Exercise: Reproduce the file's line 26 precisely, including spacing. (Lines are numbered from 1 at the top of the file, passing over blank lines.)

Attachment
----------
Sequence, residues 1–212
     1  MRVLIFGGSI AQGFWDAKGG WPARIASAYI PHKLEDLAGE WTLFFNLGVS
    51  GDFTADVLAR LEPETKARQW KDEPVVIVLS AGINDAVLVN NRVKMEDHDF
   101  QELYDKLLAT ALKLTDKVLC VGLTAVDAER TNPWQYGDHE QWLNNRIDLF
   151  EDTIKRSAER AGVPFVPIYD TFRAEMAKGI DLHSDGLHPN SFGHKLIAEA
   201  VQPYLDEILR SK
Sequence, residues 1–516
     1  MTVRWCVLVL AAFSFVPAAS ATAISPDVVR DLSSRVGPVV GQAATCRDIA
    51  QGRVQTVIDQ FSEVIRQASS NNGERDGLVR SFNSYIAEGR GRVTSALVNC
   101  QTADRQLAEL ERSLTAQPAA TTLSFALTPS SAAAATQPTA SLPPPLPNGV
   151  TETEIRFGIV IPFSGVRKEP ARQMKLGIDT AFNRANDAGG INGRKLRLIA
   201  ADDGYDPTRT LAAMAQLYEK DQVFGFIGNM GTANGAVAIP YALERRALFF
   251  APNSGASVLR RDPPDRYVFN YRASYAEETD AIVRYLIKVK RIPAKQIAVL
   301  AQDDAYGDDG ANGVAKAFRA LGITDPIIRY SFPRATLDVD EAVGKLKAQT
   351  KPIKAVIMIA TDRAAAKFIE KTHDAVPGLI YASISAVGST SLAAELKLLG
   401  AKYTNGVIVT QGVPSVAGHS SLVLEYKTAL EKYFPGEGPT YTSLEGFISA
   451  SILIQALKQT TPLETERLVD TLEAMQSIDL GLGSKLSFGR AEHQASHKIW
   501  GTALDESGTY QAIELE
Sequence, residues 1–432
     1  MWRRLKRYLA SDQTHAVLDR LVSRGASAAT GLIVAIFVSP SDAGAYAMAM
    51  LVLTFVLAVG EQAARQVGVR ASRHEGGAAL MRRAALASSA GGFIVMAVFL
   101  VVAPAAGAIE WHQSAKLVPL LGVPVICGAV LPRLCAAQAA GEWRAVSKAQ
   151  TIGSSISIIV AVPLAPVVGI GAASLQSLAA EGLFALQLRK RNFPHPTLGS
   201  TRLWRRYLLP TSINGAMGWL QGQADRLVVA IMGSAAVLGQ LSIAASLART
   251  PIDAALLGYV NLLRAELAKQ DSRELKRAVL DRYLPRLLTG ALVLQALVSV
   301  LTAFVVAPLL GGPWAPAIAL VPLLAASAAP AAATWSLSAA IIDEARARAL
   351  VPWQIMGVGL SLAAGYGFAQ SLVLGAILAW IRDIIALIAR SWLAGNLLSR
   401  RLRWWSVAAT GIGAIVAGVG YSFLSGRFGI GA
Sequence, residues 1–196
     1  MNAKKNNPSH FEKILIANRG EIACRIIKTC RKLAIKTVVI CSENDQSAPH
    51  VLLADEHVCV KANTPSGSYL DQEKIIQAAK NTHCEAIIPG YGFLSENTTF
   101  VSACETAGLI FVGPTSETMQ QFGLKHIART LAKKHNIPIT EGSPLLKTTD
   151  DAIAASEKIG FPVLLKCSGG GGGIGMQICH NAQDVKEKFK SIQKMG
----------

   301  LTAFVVAPLL GGPWAPAIAL VPLLAASAAP AAATWSLSAA IIDEARARAL